Georgia’s Port of Savannah is one of the fastest-growing container terminals in the country. Between 2020 and 2021, its total container trade expanded by nearly 20 percent, generating more than $100 billion in sales and shipping for companies as diverse as Target, IKEA, International Paper, and Gulfstream Aerospace. But a single cyber or marine casualty incident can close down the port completely, creating a ripple effect across critical infrastructure and disrupting the global supply chain, says Josie Long, MITRE cyber risk mitigation engineer.
Making Port Cybersecurity Affordable
The world’s largest and most-mature port operators and transportation companies can afford consultants to do this assessment and mitigation work for them. But not every organization in the maritime critical infrastructure sector has the resources. Thompson and Long’s work developing the profile will help organizations adopt and implement the full National Institute of Standards and Technology (NIST) Framework for Improving Critical Infrastructure Cybersecurity, more commonly known as the NIST Cybersecurity Framework.
One of the three main components of the NIST Cybersecurity Framework are what’s called profiles. Profiles are the alignment of the functions, categories, and subcategories with the business requirements, risk tolerance, and resources of the organization. A profile enables organizations to establish a roadmap for reducing cybersecurity risk that is well aligned with organizational and sector goals, and considers legal/regulatory requirements and industry best practices.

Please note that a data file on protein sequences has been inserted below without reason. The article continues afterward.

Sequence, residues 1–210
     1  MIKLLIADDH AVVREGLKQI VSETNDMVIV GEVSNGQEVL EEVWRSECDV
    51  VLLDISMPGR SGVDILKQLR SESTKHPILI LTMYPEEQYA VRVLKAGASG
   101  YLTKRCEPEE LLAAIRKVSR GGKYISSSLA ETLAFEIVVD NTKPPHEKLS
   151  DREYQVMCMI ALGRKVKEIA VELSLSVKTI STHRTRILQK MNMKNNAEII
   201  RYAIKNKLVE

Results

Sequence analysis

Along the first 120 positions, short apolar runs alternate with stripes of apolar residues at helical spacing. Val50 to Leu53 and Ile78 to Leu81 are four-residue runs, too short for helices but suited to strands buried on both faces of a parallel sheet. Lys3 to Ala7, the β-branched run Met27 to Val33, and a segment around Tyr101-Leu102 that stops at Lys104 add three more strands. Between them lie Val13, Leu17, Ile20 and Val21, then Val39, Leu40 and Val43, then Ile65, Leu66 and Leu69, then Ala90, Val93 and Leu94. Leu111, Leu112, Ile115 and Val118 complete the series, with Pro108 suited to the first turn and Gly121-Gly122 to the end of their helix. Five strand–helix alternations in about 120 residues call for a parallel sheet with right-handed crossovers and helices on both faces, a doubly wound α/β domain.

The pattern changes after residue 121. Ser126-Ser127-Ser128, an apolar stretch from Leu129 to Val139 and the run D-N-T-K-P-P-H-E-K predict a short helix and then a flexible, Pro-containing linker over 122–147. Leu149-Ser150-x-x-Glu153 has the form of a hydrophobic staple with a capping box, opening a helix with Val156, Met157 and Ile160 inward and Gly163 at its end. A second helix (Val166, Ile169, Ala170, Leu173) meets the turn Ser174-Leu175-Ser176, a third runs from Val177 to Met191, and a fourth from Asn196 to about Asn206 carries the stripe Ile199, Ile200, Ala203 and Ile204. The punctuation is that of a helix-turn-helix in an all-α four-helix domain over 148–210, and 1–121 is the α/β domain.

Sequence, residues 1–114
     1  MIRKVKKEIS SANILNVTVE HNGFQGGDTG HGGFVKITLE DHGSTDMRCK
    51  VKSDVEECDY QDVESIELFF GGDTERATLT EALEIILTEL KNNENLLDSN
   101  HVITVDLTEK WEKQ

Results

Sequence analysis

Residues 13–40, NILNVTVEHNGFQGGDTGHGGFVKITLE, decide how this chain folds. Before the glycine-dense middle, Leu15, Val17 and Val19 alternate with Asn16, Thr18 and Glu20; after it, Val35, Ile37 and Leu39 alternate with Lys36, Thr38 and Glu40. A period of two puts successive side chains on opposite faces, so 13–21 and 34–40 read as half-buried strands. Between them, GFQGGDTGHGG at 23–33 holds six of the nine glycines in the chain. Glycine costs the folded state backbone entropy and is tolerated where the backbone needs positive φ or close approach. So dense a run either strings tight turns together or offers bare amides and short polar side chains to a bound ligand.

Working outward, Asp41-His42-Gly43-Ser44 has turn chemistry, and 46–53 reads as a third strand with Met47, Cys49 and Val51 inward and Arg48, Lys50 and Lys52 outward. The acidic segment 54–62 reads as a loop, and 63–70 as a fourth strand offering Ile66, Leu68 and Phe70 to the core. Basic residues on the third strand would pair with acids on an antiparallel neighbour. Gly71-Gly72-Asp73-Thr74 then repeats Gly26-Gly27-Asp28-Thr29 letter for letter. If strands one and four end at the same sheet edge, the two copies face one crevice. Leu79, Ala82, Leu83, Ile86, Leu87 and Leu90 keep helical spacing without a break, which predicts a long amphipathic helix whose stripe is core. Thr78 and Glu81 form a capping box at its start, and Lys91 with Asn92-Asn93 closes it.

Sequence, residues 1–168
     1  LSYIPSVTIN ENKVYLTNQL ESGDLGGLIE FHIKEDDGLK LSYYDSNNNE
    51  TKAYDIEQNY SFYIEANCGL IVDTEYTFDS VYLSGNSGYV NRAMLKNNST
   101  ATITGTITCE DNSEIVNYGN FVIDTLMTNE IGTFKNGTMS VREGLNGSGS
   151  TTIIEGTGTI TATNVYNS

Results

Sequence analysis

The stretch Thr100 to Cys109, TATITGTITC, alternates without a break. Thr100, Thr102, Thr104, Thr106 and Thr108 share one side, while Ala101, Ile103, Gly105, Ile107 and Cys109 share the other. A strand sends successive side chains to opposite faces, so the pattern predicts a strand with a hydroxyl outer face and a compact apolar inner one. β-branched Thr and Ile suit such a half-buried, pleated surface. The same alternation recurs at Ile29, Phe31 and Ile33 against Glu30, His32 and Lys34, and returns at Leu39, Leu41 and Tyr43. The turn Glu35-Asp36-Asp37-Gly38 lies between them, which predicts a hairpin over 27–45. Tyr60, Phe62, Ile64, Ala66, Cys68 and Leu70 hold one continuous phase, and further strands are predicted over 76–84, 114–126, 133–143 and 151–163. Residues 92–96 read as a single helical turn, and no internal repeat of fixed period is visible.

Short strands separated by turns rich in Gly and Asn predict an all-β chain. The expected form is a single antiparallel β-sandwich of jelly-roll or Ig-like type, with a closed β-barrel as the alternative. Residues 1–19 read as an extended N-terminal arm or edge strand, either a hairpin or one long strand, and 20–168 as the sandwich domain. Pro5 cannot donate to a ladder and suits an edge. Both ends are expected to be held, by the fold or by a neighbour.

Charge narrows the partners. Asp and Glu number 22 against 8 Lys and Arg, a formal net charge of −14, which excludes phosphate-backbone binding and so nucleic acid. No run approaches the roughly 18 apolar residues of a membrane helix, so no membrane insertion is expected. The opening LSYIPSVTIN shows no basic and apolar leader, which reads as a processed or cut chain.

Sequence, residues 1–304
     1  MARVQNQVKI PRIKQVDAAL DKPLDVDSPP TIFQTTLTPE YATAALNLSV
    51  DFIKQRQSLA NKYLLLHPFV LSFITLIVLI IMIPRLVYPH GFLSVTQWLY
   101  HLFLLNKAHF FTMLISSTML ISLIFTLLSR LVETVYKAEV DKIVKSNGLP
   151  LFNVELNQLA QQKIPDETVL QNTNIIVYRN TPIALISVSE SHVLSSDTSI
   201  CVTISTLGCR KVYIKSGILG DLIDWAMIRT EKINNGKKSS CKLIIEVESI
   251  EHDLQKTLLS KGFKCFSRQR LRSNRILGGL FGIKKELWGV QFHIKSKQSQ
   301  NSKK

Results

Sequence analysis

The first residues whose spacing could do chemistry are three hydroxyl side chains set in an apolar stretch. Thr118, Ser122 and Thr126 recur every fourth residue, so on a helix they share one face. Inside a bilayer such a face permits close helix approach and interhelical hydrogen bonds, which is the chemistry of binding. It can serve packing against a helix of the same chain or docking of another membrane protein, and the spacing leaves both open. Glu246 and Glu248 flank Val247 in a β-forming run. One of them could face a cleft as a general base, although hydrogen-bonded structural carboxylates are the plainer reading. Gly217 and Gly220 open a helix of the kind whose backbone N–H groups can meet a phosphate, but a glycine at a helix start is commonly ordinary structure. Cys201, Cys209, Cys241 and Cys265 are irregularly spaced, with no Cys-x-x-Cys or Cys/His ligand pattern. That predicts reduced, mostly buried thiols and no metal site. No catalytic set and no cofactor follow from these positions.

Hodgepodge Of Targets
Ports are target-rich environments. Thompson describes a multinational system of systems: individual vessels, ports and terminals, shipping lines, shipbuilders, intermodal transport operators, cargo and passenger handlers, vessel traffic control, maritime administrators, among others. It’s typical for a ship owner based in one country to operate the ship under the flag of another country and then lease it to a company from a third country. At the same time, the ship’s operational technology may be managed and updated by technical staff somewhere else in the world.
And the ship doesn’t operate in a vacuum. Layer in operational technology—physical systems to operate cranes, motors, pumps, and more—on land and on the water, Thompson says, and the problem becomes even more complex and the risks potentially deadly. On an LNG tanker alone, a cyberattack could trigger fuel leaks into the air or the water. A hacked navigation system could leave a tanker floundering, direct it into another vessel, or cause it to run aground. An explosion or fuel leak could have devastating effects on the environment and the nearby population. “In the real world, cyber is not just zeros and ones and bytes and bits,” Thompson says. “It’s operational technology that changes the physical world, and that makes it dangerous.”
Crafting A Way Forward
Thompson, an Air Force veteran with experience in cybersecurity, instrumentation, and control systems, joined MITRE in 2021. Long brought decades of expertise from a career with the U.S. Coast Guard, where she worked in mid-Atlantic ports. “You’re preventing bad things from happening through safety, security, auditing, and inspections,” Long says. “Think of any of the maritime assets the Coast Guard regulates. My final tour was in Savannah as the officer in charge.”
They relied on that experience to engage voluntary cooperation from professionals in the maritime sector. “The whole idea was to get their fingerprints on it,” Thompson says. “We reached out to our contacts from industry life, and they were forthcoming with what they thought, with the problems they saw, and how they currently do things.” The project illustrates MITRE’s commitment to put our experts’ deep technical knowledge to work hardening critical infrastructure against cyber and physical risks and making the world safer.
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